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Te Anau

Te Anau Photo credit: Shotover Media

Lying at the borders of Fiordland National Park, Te Anau is a popular spot for those on their way to Milford Sound or about to do one of New Zealand’s Great Walks.

The world famous Milford Track begins at the head of Lake Te Anau. This 53.5 km hike traverses rainforests, wetlands and an alpine pass, finishing in Milford Sound.

The Kepler Track starts at Lake Te Anau’s southern end, the 60 km circular walking track encompasses some of New Zealand’s most beautiful scenery. The track is also home to the Kepler mountain running challenge. Held on the first Saturday in December since 1988, runners from around the world ascend 1350 meters to complete the 60 km track. Winners have finished the track in around 4.5 - 5 hours, while enthusiastic amateur runners can expect to finish in around 11 hours.

In Māori legend, the great ocean-going waka (canoe) known as Uruao, explored the Southern Lakes area led by Rākaihautū and his wife Waiariki-o-āio. After a period of particularly rainy weather, the group found a large, beautiful lake which they named Te Ana Au ‘the cave of rain.’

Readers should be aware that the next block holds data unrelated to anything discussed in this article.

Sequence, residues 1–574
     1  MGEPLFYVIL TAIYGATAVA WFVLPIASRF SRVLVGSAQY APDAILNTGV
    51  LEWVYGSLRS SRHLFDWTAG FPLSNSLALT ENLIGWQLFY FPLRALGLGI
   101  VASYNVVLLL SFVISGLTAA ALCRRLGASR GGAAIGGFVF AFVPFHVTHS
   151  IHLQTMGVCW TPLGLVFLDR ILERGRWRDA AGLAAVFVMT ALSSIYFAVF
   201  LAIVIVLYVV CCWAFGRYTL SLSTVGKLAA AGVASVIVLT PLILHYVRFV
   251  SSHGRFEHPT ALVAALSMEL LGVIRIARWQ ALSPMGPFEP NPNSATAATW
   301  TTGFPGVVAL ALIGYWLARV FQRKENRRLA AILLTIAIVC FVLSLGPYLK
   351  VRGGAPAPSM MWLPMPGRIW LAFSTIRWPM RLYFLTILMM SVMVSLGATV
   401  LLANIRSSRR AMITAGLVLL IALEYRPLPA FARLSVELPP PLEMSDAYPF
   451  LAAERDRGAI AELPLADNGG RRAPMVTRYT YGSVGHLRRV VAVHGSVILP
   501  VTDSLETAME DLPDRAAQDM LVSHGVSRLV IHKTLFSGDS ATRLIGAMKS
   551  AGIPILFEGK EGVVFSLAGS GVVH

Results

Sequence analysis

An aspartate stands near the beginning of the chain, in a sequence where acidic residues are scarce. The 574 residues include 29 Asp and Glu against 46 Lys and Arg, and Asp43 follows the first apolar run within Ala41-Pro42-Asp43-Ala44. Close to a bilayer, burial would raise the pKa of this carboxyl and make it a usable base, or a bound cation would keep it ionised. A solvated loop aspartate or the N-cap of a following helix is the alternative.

It’s the most voluminous lake in New Zealand, covering a 344 km² area with depths of up to 400m.

Te Anau has a large range of accommodation, having over 4,000 beds and a number of shops and restaurants. It’s a popular stop off for adventurers and boasts fantastic local natural attractions.

In summer, the lake is perfect for a wide range of water sports and activities. From swimming, kayaking, water skiing to fishing and scenic boat cruises, Lake Te Anau has it all.

Located on the fringes of the national park, Te Anau is a great place to spot rare and unique native birds. The rediscovered Takahe, a flightless alpine bird and Kaka, Tui and Kea can all be seen at Te Anau’s Wildlife Park. Home of just two native mammals (both a variety of bat), New Zealand is truly the land of the birds and catching a glimpse of these special native species is a must.

The Te Anau Glowworm Cave is another natural wonder. At 15,000 years old, the cave is relatively young and a rare example of a ‘living cave,’ still under formation. Tourism operator Real Journeys offers a boat cruise and guided tour of the cave. Deep inside, thousands of tiny bioluminescent glow worms light up the caves like stars in the night sky. The town that connects Milford Sound and Queenstown by road, Te Anau is the perfect stop-over location with plenty to discover.

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